Relations with Carter’s America had improved, but Carter was blindsided by this development. Small, tightly-packed, not quite safe boats—a flotilla carrying 125,000 Cuban refugees, set sail for Florida. Some Floridians sent their boats to Cuba to help with the journey, receiving some compensation for their efforts.
Of course the influx of refugees wasn’t welcome to everyone, particularly when the news got out that some were ex-cons and former residents of mental hospitals. But that’s a discussion for a different day.
One of the men was Barbaro Garbey, who landed in Key West, FL, then was routed to a holding center for refugees in Indiantown Gap, PA. He was playing pepper (a game in which a hitter taps balls to two or three players standing next to each other, a few feet from the hitter, in rapid succession) in rolled up jeans when he was spotted by Tigers scout Orlando Pena. They signed Garbey, who went out to have a few very good years in the minors.
Details of his ’84 Spring Training are scant, but the bottom line is he made the team. His main positions were first and third base, which were fairly crowded. But he could play the outfield a bit, and also DH.
It is apparent that during his time in the minors, Garbey caught Sparky’s imagination, and Sparky had high hopes for him in one capacity or another.
25) 1B/OF/DH #12 Rod Allen 6-1 185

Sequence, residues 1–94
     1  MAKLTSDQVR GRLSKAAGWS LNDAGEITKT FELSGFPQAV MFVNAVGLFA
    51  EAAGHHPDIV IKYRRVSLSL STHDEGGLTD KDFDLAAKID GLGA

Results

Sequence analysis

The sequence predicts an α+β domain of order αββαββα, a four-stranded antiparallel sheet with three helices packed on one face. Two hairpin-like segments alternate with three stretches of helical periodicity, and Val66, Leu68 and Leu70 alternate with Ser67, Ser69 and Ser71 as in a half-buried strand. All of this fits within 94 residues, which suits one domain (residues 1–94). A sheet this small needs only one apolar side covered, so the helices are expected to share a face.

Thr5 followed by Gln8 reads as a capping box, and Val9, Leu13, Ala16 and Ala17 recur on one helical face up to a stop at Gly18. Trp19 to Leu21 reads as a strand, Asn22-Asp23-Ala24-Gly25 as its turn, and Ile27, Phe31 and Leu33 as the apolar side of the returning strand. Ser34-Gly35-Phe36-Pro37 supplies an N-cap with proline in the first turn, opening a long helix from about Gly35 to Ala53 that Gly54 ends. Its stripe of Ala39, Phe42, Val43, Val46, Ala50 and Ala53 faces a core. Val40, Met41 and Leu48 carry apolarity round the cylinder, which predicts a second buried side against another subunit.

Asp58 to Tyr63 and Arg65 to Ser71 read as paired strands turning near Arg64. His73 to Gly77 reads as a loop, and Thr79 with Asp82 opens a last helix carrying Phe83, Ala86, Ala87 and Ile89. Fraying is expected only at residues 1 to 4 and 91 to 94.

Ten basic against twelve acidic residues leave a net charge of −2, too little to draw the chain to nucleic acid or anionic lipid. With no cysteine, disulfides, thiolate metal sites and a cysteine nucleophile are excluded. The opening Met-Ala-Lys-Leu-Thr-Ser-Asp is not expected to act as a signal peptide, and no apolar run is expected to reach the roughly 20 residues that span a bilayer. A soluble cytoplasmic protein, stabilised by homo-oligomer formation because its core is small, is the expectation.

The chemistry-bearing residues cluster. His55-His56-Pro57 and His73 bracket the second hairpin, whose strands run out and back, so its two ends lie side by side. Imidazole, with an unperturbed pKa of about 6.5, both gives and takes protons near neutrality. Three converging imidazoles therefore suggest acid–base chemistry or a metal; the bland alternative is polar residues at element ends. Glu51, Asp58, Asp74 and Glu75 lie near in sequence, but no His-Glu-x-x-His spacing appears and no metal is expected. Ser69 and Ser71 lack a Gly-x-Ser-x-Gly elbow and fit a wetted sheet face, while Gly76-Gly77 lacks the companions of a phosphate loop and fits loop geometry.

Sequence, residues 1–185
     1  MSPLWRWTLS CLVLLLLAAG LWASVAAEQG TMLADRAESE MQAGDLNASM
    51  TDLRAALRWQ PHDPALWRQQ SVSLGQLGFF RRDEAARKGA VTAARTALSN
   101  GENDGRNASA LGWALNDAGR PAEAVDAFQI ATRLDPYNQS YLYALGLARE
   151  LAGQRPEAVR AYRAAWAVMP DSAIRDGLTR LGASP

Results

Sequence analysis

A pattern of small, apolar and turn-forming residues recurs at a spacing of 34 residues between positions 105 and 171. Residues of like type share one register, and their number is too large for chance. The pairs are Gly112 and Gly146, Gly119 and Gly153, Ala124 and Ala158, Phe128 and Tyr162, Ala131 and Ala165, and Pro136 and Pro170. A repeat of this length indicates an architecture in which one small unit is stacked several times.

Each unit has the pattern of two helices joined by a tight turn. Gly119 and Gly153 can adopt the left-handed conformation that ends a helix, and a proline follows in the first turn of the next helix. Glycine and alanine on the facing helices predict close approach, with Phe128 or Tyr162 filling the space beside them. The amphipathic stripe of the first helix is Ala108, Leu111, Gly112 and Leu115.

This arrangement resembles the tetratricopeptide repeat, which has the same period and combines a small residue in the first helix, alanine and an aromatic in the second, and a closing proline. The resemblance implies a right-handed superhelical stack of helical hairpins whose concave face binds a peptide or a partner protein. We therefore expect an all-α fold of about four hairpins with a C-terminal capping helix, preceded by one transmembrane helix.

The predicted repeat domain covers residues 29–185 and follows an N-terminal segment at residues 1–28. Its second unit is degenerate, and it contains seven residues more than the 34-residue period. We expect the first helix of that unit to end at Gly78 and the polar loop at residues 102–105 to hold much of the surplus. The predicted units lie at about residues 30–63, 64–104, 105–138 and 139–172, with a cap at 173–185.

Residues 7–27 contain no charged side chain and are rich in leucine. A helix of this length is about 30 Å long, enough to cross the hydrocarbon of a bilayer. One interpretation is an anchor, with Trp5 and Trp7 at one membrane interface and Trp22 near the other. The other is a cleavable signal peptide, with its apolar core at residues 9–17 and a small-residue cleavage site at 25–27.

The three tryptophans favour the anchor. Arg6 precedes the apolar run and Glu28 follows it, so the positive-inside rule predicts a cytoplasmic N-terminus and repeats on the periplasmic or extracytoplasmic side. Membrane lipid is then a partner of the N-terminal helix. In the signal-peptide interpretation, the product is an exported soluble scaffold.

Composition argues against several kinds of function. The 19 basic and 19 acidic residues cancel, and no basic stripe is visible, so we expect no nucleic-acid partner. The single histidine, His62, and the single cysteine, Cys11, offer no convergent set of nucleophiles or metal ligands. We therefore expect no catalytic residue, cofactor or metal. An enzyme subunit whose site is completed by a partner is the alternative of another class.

B: 10.5.1959, Los Angeles, CA
Allen makes another great candidate for most unlikely member of the Tigers ’84 opening day roster. He’d been in pro ball since ’77, playing for minor league affiliates of various teams.
He debuted in the bigs with Seattle at the end of ’83. He was released by them and picked up by the Tigers as a free agent. He was sort of the new John Wockenfuss, a DH capable of playing first (though Sparky said he was “born to be a DH”) and a bit of outfield. Expectations didn’t seem too high for him, and he would be sent down early in the season.
OF/DH #32 Ruppert Jones 5-10 170
B: 3.12.55, Dallas, TX
Jones wasn’t on the opening-day roster, but joined the team in early June, playing in his first game on the 6th against Toronto. He was a huge part of the team, and an amazing find. A player of his caliber really enhanced the Tigers’ depth.
Jones was a third-round pick by the Royals in ’73. He then became the first pick of the ’76 expansion draft, a would-be star of the brand new Seattle Mariners. In two of this three years in the Pacific Northwest, Rupe put up pretty solid numbers. He was then traded to the Yankees, and from them to the Padres.
There, he became an All-Star in ’82—his second time. However, he had an off year in ’83 and the was given free agency at the end of ’83. A good defensive outfielder with a strong arm, a good left-handed batter with some pop, Jones didn’t find anyone eager to sign him. He went to Spring Training with the Pirates and was cut just before the end of the season.
Here was the former would-be franchise player of the Mariners, unemployed. He was at home on opening day. On the 14th, Bill Lajoie of your Detroit Tigers signed the outfielder up and sent him to AAA Evansville to work on swinging at bad pitches.
Well, it worked. Rupe hit .313 with 9 homers in 48 games. By anyone’s standards, the 29-year-old was too good for AAA ball and more than deserving of a spot in the bigs. The Tigers agreed—one almost wonders why it took so long—and sent Rod Allen down and brought up Jones.